Gucci And Gus Van Sant Team Up On A Seven-Part Fashion Film "It was like a spontaneous poem," filmmaker Gus Van Sant says of his seven-part collaboration with Gucci creative director Alessandro Michele. It's the centerpiece of the virtual festival GUCCI Fest.
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With 'No Particular Roadmap,' Gus Van Sant And Gucci Make A Fashion Film

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With 'No Particular Roadmap,' Gus Van Sant And Gucci Make A Fashion Film

With 'No Particular Roadmap,' Gus Van Sant And Gucci Make A Fashion Film

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Low times cannot silence high fashion. This week, Gucci's creative director, Alessandro Michele, has released a slate of stylish short films on YouTube. As NPR's Mandalit del Barco reports, it's a new approach to showing fashion when the runways are dark.


MANDALIT DEL BARCO, BYLINE: The seven short films follow Silvia Calderoni, a nonbinary actress, writer and dancer, as she goes about her day in Rome, casually wearing fabulous Gucci clothes. The vignettes highlight Gucci's latest collection. Calderoni starts in her apartment in black tulle lingerie and gold mules. Later, she dons a sparkly pink turban and pastel gown. In the background, Spanish philosopher Paul B. Preciado lectures about gender theory on TV.


PAUL B PRECIADO: (Speaking Spanish).

DEL BARCO: Suddenly, he addresses her directly.


PRECIADO: But you know what I'm talking about, Silvia. (Speaking Spanish). This revolution is going to be about love, about change in desires.

DEL BARCO: Calderoni flings a dress from her balcony that happens to be from Michele's first Gucci women's collection. On the soundtrack, a new Billie Eilish song.


BILLIE EILISH: (Singing) I'm not your friend or anything, damn. You think that you're the man. I think, therefore, I am.

DEL BARCO: In other episodes, Calderoni meets Gucci-clad friends at a cafe, a post office, a vintage clothing shop and, later, a theater. There are cameos by playwright Jeremy O. Harris, musician and poet Arlo Parks and pop star Harry Styles.


HARRY STYLES: It's about finding the thing that you've always wanted to see or you've always wanted to listen to that you've - like, has never been made.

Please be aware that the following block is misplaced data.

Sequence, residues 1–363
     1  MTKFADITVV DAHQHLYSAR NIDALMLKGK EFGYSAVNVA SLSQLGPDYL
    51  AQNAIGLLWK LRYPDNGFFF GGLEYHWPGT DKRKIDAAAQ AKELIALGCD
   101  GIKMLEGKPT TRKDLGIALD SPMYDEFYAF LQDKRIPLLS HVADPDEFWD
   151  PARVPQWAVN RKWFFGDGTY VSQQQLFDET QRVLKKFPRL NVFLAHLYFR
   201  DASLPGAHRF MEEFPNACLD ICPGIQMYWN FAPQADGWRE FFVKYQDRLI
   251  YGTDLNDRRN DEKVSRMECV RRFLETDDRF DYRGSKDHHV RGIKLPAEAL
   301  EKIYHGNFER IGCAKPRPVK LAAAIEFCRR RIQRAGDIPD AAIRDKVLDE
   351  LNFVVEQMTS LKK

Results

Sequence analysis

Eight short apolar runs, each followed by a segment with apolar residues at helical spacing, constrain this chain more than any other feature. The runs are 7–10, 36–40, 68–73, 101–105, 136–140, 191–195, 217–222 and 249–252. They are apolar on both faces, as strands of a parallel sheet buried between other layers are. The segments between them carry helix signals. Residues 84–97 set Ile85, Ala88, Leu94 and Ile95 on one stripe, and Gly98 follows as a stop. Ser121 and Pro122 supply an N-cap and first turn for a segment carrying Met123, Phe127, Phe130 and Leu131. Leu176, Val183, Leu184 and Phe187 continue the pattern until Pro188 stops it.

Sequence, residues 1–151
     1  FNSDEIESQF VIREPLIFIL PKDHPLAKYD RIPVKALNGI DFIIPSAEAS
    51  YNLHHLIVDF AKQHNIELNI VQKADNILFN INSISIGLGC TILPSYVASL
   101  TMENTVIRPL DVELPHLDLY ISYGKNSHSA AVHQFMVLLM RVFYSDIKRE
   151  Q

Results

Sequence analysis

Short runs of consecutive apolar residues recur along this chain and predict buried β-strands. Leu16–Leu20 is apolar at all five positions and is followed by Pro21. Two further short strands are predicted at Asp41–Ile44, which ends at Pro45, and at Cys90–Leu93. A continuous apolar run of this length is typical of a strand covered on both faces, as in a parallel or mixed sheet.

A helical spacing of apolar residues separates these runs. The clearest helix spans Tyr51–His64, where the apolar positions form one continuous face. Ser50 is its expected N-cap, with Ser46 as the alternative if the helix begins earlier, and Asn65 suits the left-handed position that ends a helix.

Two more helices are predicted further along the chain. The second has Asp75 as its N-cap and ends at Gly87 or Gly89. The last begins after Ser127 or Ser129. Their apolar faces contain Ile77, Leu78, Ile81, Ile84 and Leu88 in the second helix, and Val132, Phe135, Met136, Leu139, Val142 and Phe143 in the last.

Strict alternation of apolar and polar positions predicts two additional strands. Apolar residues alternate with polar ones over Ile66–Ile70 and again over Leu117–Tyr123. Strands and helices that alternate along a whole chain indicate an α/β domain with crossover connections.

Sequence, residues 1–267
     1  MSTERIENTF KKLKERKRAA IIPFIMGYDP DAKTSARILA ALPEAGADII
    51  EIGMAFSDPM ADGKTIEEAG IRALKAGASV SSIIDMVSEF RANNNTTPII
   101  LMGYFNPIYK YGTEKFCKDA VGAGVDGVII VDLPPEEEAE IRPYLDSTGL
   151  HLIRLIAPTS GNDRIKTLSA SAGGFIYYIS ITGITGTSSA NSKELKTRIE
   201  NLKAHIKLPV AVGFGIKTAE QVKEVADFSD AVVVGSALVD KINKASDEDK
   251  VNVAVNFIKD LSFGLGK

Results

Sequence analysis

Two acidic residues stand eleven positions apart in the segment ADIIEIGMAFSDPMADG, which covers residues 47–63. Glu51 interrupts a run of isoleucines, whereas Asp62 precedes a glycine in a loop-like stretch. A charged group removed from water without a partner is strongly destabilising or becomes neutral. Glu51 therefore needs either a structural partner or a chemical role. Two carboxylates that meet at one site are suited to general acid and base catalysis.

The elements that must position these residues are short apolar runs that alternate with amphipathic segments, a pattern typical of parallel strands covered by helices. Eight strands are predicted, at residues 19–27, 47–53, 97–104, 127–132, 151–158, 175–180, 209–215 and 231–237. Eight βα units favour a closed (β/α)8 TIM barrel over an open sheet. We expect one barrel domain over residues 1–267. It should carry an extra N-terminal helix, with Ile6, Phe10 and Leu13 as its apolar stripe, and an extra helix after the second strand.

ALESSANDRO MICHELE: I was trying to experiment. I love to experiment.

DEL BARCO: Alessandro Michele spoke to us from Italy. Bearded with a mustache and long hair, he wore his signature outlaw look. Loads of bracelets and faux fur draped over his shoulders. He said this experiment takes high fashion beyond the runway.

MICHELE: It's the way to really get back to the, originally, idea and soul of the dress - kind of alive with real people. I was thinking to make this crazy story, you know, about Silvia's life every day and little gestures and movement and fascinating routine, people that she met.

DEL BARCO: Michele was born in Rome in 1972. He studied at the city's Academy of Costume and Fashion and worked at Fendi before Tom Ford poached him to design for Gucci in 2002. By 2015, he became Gucci's creative director. Michele reinvented the brand, conjuring a nostalgic and androgynous magpie look. He wasn't just innovating on the runway. In response to fashion's relentless business cycle, Michele announced Gucci would limit its collections and runway shows to just two a year. With Gucci's centennial approaching in 2021, Michele is looking back. He's also looking inward.

MICHELE: I was reflecting, especially during the lockdown, how - find, you know, a new way to work on storytelling. I mean, it's pretty crazy that for such a long, long time, fashion was like a box - completely closed.

DEL BARCO: For this experiment, Michele sought Gus Van Sant, one of his favorite directors, to collaborate.

GUS VAN SANT: I think it was a spontaneous idea to make something within just a few weeks. I sort of found that exciting, challenging and like something I had done before.

DEL BARCO: To make the Gucci films, Van Sant returned to Rome, where 30 years ago, he filmed scenes for "My Own Private Idaho."


UNIDENTIFIED ACTOR #1: (Non-English language spoken).

DEL BARCO: River Phoenix and Keanu Reeves play street hustlers in the film now considered an LGBTQ classic. Van Sant says the new Gucci films have elements found in his other work.

VAN SANT: There is sort of, like, an alternate reality and a dreaminess.

DEL BARCO: As with "My Own Private Idaho," Van Sant said the Gucci vignettes did not use a traditional screenplay. Instead, they worked from Michele's descriptions of his favorite looks, locations and friends.

VAN SANT: It was more emotional rather than it is a plot or a step-by-step beginning, middle, end story. You could probably play the episodes out of order, and it would still be the same.

DEL BARCO: Since they were in Rome, Van Sant added some Fellini-esque touches by dubbing over the characters' dialogue.


UNIDENTIFIED ACTOR #2: (Non-English language spoken).

UNIDENTIFIED ACTOR #3: (Non-English language spoken).

VAN SANT: The way that Fellini would make his films, adding the voices later, he would actually change the story, which we were also doing.

DEL BARCO: The new Gucci episodes also have a meditative rhythm. At a time when people are isolated and lonely, Michele wanted to present his collection this way, offering his romantic vision of a freer world.

MICHELE: Silvia's life is a dream time, is a magical time, is a time that doesn't exist. But it's the time that reflect our simple and fascinating life of little things. But they are very powerful, you know?

DEL BARCO: Powerful and fascinating, like wearing a Gucci outfit for a day in Rome.

Mandalit del Barco, NPR News.

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